Philip Santangelo, a professor at Georgia Tech who focuses on RNA viruses, said 12mcg was only slightly above the 5 or 10mcg dose that could be used in a mouse experiment. “I’m worried it’s going to be insufficient [for humans]”, He said. CureVac said making comparisons between dosages in different mRNA vaccines was not helpful.
CureVac may also have gone wrong just at the start of the pandemic, while competitors have made initial partnerships or secured vital public funding, said von Bohlen, the investor and board member. “We have learned that if you are behind in funding, you are behind in product development. But we can’t turn that clock back. “
CureVac’s partnership with GSK began only last July, after the British multinational bought a 9% stake. In contrast, BioNTech established a partnership with Pfizer in March 2020. The two companies are already working together on influenza vaccines, making the transition to a relatively easy coronavirus collaboration.
Modern has no partners but has benefited from more than $ 1bn in US government funding to develop its vaccine. In comparison, Germany fell short of CureVac’s initial public offering last August with an investment of 252 million euros, but in two tranches in two years.
Verbeke, at the University of Ghent, believes CureVac will learn from its disappointing results from the first round. If the second-generation coup were to succeed, it could also become the most cost-efficient and attractive option for developing countries, since it should not be frozen, he said.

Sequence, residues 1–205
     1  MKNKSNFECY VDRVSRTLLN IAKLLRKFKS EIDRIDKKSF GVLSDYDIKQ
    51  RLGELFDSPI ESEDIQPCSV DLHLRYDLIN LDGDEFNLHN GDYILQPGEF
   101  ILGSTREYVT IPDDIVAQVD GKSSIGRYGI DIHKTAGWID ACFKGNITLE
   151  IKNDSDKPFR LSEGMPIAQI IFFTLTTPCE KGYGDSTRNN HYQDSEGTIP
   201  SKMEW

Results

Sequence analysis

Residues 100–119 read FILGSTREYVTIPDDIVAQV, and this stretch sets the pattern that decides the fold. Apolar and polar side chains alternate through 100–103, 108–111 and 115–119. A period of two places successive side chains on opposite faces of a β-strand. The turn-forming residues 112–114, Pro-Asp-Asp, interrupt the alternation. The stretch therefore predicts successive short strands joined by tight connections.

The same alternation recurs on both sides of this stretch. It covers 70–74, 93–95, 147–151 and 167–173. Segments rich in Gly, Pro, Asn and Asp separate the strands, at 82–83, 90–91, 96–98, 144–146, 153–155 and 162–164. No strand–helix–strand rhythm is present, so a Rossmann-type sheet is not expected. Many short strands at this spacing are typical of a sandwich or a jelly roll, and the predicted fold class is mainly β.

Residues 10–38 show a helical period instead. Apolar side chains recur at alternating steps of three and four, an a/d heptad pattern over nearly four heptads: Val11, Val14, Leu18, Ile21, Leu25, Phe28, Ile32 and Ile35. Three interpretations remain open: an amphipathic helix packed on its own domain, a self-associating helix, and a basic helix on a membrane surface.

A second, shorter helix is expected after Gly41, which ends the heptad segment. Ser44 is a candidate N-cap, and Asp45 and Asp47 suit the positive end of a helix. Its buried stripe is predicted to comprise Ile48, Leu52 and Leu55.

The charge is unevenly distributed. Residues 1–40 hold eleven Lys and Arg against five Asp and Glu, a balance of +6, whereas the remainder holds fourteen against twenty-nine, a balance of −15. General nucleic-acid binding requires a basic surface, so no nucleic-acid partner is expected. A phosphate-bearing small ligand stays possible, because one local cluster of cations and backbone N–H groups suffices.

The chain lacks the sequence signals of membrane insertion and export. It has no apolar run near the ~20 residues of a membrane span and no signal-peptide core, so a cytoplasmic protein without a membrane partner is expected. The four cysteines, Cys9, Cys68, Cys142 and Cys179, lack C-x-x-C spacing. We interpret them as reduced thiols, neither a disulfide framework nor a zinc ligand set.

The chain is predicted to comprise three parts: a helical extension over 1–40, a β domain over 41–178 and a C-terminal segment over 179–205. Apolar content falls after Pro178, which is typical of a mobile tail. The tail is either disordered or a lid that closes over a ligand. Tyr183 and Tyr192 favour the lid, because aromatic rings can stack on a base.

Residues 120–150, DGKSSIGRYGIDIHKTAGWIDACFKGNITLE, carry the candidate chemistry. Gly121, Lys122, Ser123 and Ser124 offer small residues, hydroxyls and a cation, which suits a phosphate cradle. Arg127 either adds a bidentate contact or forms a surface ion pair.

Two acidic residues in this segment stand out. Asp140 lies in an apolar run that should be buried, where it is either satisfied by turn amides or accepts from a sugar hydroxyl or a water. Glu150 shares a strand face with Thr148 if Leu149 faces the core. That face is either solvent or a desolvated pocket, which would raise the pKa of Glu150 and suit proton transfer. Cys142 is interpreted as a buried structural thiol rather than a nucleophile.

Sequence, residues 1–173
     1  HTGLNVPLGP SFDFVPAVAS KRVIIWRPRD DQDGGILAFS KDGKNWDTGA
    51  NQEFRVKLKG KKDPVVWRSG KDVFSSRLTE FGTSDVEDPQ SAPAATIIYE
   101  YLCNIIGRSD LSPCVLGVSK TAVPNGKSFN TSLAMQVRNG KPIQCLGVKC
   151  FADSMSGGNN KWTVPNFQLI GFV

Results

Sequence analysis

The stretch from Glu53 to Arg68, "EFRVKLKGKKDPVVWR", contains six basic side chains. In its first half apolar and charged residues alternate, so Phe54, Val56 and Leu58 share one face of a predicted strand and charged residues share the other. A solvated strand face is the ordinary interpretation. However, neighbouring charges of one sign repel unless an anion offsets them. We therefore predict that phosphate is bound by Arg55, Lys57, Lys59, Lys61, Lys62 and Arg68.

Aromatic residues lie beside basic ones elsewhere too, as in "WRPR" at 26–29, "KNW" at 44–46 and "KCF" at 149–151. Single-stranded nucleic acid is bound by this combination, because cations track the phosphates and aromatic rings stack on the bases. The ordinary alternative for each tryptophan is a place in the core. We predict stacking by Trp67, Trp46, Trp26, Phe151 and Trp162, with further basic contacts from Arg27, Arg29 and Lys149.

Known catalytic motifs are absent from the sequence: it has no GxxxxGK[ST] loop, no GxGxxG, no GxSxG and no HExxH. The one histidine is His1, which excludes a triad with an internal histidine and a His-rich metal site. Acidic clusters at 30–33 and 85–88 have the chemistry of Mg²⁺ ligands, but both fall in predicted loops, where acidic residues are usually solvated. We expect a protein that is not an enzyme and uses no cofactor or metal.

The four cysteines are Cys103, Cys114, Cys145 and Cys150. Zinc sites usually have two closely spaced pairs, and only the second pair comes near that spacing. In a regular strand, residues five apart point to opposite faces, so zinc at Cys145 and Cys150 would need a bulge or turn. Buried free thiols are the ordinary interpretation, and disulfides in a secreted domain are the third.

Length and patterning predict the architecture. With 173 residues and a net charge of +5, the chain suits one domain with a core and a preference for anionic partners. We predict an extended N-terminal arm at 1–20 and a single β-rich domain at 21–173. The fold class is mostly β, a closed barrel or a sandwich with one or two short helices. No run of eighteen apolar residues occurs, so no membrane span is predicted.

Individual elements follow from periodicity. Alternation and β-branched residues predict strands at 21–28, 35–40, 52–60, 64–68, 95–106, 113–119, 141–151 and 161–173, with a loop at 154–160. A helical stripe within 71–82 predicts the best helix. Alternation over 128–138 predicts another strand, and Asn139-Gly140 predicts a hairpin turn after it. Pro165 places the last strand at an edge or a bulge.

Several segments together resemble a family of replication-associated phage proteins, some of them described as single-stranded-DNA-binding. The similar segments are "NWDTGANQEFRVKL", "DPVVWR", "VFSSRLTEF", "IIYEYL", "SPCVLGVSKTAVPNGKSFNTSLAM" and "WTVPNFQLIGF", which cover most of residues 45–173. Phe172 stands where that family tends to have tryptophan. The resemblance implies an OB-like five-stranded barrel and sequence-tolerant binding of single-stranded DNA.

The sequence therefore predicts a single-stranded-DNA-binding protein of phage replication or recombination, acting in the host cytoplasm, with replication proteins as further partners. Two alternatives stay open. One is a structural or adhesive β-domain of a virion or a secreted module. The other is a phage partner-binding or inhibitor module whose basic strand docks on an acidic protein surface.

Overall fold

Haas also did not rule out the possibility of cancer change and developing a vaccine candidate with modified mRNA. “There are no restrictions, there are no shutters,” he said. “Don’t rule this out in principle.”
Other projects include a “vaccine stamp,” developed in collaboration with Elon Musk’s Tesla, which sits at the bottom of a truck and could produce and distribute CureVac treatments anywhere in the world.
And even if their Covid vaccine continues to struggle, the original CureVac approach could work for other treatments. “There may be indications or disorders where unmodified might work or even do a better job,” said Ingrid Gafanhao, an analyst at the Kempen Life Sciences research group. “I don’t think we know enough to judge the whole platform alone.” T cell responses, for example, are critical in oncology.
“It seems like at the moment we are number three,” von Bohlen acknowledged. “But Corsica is Corsican.” This is a race that has just begun, and we must all accept that the pace remains high. “